“What does the rise of shadow banking mean for monetary theory and practice? Mehrling, Pozsar, et al offer a radical rethink that considers the institutional and spatial characteristics of (shadow) money creation, set against a global market-based financial system characterized by the increasing tradability of risk. In this approach, shadow money codifies new relationships between cash-rich institutional investors and risk-driven levered portfolio investors, transforming money hierarchies.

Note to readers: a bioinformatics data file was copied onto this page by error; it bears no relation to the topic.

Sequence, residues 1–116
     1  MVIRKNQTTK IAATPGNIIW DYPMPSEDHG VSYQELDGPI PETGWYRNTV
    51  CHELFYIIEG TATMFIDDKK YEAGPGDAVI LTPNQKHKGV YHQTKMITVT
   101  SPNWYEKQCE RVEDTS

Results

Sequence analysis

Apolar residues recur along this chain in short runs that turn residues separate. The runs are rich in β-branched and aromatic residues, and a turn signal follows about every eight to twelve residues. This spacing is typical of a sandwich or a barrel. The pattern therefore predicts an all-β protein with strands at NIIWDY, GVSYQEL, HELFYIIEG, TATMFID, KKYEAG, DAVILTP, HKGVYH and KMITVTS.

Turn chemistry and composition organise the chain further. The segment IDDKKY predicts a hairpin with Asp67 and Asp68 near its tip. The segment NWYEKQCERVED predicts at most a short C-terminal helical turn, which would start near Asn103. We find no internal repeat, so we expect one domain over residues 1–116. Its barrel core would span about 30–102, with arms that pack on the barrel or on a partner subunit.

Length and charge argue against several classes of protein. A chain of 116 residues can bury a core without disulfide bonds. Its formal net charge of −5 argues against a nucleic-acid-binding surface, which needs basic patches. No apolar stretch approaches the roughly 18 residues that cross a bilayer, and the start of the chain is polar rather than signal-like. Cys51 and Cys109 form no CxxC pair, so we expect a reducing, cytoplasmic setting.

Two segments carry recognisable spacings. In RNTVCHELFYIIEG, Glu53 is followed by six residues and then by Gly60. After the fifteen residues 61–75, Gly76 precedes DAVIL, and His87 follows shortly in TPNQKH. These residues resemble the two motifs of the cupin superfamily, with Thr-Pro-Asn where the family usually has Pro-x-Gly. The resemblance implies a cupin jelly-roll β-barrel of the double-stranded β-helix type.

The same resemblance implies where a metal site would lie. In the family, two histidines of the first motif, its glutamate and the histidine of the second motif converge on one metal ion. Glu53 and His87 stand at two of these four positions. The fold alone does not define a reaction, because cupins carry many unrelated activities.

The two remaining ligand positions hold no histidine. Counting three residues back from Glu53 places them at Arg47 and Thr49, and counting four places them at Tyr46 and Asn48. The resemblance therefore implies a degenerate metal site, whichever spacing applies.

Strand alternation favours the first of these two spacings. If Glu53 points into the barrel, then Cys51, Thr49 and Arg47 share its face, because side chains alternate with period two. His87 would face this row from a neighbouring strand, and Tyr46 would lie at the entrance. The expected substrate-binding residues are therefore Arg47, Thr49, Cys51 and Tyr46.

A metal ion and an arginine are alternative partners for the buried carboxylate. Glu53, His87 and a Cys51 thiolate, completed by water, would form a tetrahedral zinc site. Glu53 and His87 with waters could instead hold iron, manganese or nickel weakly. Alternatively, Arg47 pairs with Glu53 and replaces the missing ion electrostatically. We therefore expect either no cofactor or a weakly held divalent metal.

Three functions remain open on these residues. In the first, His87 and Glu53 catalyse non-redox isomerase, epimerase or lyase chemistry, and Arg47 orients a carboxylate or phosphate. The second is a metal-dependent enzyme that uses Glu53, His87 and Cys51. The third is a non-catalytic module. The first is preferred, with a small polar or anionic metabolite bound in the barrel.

This project draws on theoretical insights from this new approach to extend the foundations of shadow money theories in two directions. First, the project introduces uncertainty as a fundamental characteristic of modern (shadow) money creation in hierarchical and interconnected monetary systems and provides a comparative account of shadow money creation and management across different financial structures. It asks how the creation of shadow money varies with financial system structure, comparing the US, Eurozone, and China. Second, the project explores how this influences the tools and institutional frameworks for managing shadow money. Most shadow monies, public and private, are repo claims supported by tradable collateral. This is key to exploring the dynamic (in)stability of shadow money creation. The premise of this project is that Treasuries have become important in modern money creation as key collateral factories for shadow banking. On the terrain of public shadow money, the connections and potential conflicts between fiscal, monetary and macroprudential policies become apparent. This research further considers the supranational dimension of shadow money creation and management, as in the Financial Stability Board work on shadow banking.”